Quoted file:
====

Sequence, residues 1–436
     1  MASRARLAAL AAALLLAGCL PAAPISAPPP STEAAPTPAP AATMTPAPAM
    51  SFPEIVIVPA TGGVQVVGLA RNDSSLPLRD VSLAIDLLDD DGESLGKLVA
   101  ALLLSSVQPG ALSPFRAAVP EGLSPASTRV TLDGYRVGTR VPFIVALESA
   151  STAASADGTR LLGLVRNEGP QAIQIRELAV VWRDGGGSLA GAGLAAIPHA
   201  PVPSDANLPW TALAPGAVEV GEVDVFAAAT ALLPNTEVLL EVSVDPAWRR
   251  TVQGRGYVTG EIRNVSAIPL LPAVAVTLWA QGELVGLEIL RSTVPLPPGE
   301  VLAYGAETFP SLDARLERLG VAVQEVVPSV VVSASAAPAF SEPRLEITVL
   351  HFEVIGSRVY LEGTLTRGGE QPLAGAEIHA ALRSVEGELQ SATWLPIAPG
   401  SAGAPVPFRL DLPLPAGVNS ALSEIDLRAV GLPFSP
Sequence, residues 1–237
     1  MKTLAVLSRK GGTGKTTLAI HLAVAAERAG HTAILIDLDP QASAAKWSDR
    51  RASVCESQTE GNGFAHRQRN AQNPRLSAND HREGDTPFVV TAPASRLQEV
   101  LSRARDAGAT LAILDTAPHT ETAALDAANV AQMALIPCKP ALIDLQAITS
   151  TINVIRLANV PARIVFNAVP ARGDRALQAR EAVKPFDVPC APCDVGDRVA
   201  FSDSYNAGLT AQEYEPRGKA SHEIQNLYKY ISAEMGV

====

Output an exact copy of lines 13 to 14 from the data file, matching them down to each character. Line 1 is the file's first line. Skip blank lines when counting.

    51  RASVCESQTE GNGFAHRQRN AQNPRLSAND HREGDTPFVV TAPASRLQEV
   101  LSRARDAGAT LAILDTAPHT ETAALDAANV AQMALIPCKP ALIDLQAITS